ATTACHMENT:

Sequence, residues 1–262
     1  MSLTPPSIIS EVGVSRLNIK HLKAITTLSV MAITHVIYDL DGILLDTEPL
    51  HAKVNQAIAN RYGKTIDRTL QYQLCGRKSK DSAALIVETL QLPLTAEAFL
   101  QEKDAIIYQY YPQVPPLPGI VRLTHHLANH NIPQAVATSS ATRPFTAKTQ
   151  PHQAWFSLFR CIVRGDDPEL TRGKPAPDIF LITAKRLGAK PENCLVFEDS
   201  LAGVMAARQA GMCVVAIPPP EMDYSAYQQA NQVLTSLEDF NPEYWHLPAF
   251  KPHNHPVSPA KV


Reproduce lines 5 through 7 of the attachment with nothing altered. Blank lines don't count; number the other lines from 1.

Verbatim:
   151  PHQAWFSLFR CIVRGDDPEL TRGKPAPDIF LITAKRLGAK PENCLVFEDS
   201  LAGVMAARQA GMCVVAIPPP EMDYSAYQQA NQVLTSLEDF NPEYWHLPAF
   251  KPHNHPVSPA KV